Op-ed column: New treatment, decent pay could curb the abuse of autistic clients

Edwin Tirado was sentenced to 15 years in prison for his part in the February, 2007, death of Jonath
Michael Osbun/Tribune Media
Michael Osbun/Tribune Media

Edwin Tirado was sentenced to 15 years in prison for his part in the February, 2007, death of Jonathan Carey, an autistic boy who was under Tirado’s care at O.D. Heck. Now there are charges against four other O.D. Heck employees, one who punched a blind, autistic client and the other three who didn’t intervene when the incident occurred.

Autism is a brain development condition that impairs social interaction and communication, and causes restrictive and repetitive behavior that begins before the child is 3 years old. The manifestations of autism differ widely. There are high-functioning autistic people like Temple Grandin, a professor at Colorado State University who has written several books. And there are autistics who don’t speak and are occasionally violent.

How to best treat people who are affected by autism is hotly debated, but there is a certain kind of treatment that is getting great reports. Applied Behavior Analysis, or ABA, which involves individualized monitoring of behavioral cause and effect, has proven to be very helpful.

New York state will require special education teachers to have autism training, some of which may be ABA based, by 2009. In the meantime, the Office of Mental Retardation and Developmental Disabilities is undergoing an overhaul in the wake of Jonathan’s Law.

Problem for families

People are confined to places like O.D. Heck because families are not equipped to deal with them. In other days, people took care of such children at home. I had two cousins who were “different.” I don’t believe that either one was autistic, but each was a problem for all of their lives — one lived to be nearly 80.

Nowadays, children who are developmentally disabled or autistic are often placed in private or public facilities. Families are spread out, so extended family can’t help to care for children. Also, there are usually two breadwinners, and kids with special needs don’t fit handily into the day-care/school equation.

If your child were placid and nonviolent, he would be just what the caregivers at a “home” would like. The “client” would require just the basics of feeding, diapering, getting ready for bed, etc.

If the “client” is prone to violence, however, the caregiver will have to be ready for anything, and being constantly off-balance could make the caregiver nervous. Without proper training on how to handle a problem, physical control might seem the only solution.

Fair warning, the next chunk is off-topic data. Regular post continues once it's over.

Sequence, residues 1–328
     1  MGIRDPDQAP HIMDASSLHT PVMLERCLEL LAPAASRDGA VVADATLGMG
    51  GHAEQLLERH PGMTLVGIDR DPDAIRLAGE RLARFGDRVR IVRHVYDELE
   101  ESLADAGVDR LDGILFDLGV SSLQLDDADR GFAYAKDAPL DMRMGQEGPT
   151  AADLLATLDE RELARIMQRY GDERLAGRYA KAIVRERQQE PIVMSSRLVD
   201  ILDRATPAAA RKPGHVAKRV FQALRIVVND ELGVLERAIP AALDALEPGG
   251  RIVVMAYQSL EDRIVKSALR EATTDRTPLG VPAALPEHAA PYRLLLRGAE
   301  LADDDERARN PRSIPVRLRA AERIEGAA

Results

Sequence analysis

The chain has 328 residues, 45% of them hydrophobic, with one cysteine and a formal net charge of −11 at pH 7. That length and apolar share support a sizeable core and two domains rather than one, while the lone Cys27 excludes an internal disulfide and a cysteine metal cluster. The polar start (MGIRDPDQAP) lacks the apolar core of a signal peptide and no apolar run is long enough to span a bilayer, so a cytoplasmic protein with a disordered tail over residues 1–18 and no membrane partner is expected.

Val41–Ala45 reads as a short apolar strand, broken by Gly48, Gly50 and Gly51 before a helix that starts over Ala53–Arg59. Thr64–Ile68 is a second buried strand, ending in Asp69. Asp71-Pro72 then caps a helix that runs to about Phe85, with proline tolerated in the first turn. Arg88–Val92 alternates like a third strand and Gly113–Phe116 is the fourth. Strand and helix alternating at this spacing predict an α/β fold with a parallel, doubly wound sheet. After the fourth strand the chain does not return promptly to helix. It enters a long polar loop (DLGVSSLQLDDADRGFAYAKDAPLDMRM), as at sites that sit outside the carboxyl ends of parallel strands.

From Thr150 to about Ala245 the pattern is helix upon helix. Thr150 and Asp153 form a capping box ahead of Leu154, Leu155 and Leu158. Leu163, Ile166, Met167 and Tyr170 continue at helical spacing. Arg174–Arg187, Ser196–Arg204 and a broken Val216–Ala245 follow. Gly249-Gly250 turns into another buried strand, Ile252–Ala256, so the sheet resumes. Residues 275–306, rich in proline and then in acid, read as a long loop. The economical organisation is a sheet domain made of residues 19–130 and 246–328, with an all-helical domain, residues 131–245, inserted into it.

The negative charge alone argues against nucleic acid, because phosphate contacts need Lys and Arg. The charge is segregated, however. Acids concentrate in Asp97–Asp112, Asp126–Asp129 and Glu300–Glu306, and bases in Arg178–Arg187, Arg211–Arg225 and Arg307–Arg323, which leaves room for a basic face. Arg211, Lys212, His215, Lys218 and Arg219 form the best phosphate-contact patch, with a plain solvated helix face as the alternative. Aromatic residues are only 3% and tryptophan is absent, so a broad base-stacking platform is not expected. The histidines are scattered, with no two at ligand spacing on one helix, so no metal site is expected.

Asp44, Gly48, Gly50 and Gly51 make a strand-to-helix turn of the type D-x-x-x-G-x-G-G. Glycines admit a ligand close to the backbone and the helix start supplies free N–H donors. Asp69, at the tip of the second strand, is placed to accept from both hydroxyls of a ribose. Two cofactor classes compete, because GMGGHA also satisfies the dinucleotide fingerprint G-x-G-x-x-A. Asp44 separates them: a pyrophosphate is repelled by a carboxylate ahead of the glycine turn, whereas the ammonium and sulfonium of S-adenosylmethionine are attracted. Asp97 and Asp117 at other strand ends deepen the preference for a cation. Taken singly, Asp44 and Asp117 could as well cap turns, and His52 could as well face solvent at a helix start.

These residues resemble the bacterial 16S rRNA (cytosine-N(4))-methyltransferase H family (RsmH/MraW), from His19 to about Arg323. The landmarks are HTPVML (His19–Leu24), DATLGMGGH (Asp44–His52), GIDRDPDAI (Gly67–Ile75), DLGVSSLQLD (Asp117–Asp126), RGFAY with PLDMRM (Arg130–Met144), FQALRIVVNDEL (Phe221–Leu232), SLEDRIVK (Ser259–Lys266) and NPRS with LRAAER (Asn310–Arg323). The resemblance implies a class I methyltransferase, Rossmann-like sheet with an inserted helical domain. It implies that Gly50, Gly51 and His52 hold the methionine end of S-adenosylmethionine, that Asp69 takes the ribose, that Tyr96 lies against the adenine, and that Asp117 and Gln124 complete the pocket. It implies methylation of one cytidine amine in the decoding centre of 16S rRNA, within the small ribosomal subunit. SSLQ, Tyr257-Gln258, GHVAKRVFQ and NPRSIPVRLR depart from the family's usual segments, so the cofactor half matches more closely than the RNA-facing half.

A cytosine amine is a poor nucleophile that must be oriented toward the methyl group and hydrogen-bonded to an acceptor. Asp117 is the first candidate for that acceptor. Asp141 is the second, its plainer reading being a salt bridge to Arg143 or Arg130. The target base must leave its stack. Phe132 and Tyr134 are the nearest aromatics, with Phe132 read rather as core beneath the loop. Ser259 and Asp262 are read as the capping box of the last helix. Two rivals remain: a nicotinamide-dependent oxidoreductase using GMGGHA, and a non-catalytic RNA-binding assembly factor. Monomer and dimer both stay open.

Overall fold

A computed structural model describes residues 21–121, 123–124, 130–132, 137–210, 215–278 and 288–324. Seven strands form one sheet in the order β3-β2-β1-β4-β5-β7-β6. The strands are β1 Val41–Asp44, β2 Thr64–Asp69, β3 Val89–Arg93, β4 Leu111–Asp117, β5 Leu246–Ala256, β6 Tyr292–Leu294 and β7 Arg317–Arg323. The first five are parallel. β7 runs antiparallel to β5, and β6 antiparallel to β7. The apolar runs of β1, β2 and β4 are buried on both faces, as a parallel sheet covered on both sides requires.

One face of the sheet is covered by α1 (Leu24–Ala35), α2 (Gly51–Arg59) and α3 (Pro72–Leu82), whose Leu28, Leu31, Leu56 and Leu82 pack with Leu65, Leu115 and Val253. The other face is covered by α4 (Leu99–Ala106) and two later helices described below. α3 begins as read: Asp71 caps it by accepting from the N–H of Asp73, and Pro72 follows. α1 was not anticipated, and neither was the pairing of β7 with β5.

Are workers given all the training and support they need to help them make the best choices when responding to outrageous and dangerous behavior? Given the relatively low pay scale of personal attendants, I doubt it.

The situation is hard for all involved. Sometimes I feel that difficult children are foisted off into group care. I don’t think any cruelty is justified, at O.D. Heck or elsewhere, but I can understand how workers might get frustrated and strike out at their charges.

Abuse common

Abuse is common in institutional settings. In prisons, inmates are subject to the whims of guards, but prisoners are violent to each other, too. I have often reflected, in my writings and in stories I tell my family, on a youth spent at the mercy of nuns and brothers at St. Agnes’ and Vincentian Institute. There were 70 kids in my kindergarten classroom, and about 50 children in each of my other grades. As we students grew old enough to purposely get on the teachers’ nerves, we did, and were treated in kind. I wonder if even the Shakers, pacifists though they were, might not have used the canes from their caning efforts to swat the seats of those who misbehaved.

So what is the answer to the particular problems repeating themselves at O.D. Heck? Hopefully, the changes that will take place over the next few years at OMRDD will foster a restoration of the word and deed of “service” to this social service arm.

However, internal oversight will not address the fact that aides and workers are literally not valuable assets. Once we can find the funds to remunerate such labors, people may be ready to really care for the clients they nominally care for.

K.C. Halloran lives in Melrose. The Gazette encourages readers to submit material on local issues for the Sunday Opinion section.

Categories: Opinion

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